Introduction: snake bites are a silent public health problem in Kenya. Previous studies on snake bites in the country have mainly focused on identifying offending snake species, assessing the severity of envenomation and testing the efficacy of antivenom. Factors associated with snake bites in the country are yet to be fully understood. The aim of this work was to determine pharmaco-epidemiological factors associated with snake bites in areas of Kenya where incidence, severity and species responsible for snake bites have been reported.


Methods: Kakamega provincial hospital, Kabarnet, Kapenguria and, Makueni district hospitals were selected as study sites based on previous findings on incidence, severity and species responsible for snake bites in catchment areas of these hospitals. Persistent newspaper reports of snake bites in these areas and distribution of snakes in Kenya were also considered. Cases of snake bites reported between 2007-2009 were retrospectively reviewed and data on incidence, age, site of the bites, time of bite and antivenom use was collected.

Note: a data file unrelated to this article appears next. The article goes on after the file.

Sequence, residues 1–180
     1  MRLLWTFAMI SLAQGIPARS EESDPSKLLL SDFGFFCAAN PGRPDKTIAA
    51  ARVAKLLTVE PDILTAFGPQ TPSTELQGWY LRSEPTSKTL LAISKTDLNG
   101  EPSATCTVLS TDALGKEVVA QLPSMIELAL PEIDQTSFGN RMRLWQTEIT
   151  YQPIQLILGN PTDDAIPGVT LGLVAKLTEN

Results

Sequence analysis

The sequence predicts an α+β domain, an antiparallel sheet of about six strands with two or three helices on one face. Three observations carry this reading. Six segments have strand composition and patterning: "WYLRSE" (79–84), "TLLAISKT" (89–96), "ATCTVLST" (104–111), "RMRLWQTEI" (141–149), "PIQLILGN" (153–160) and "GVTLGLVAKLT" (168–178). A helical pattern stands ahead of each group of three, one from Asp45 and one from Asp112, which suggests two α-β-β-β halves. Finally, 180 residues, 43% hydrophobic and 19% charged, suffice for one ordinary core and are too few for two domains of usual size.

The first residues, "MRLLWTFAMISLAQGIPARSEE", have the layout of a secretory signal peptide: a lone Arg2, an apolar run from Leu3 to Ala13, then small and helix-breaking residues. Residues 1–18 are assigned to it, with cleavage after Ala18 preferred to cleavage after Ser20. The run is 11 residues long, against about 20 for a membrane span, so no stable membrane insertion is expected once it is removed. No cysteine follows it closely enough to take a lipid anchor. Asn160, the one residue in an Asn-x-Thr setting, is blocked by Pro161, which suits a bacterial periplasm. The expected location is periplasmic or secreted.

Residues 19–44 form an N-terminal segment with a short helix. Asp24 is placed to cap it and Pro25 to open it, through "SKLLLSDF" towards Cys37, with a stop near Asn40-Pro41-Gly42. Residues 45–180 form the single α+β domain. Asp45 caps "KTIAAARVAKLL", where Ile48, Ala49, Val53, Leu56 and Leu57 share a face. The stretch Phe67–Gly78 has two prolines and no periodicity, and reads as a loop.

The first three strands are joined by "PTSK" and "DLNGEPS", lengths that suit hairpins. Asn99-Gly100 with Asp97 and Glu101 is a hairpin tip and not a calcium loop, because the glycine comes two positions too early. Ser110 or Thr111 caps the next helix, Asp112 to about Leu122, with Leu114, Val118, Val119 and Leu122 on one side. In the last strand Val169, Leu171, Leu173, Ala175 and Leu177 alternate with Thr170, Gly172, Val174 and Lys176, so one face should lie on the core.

Results: 176 bites were captured, 91 of which occurred in 2009. Individual incidence was between 2.7/100,000/year and 6.7/100,000/year. Bites peaked in the 1-15 year age group while 132/176 bites were in the lower limb area and 49/176 victims received antivenom. Most bites occurred during the dry season, in the bush and in the evening. Overall mortality was 2.27%.


Conclusion: there is a need to sensitize the Kenyan public and healthcare personnel on preventive measures, first aid and treatment of snake bites.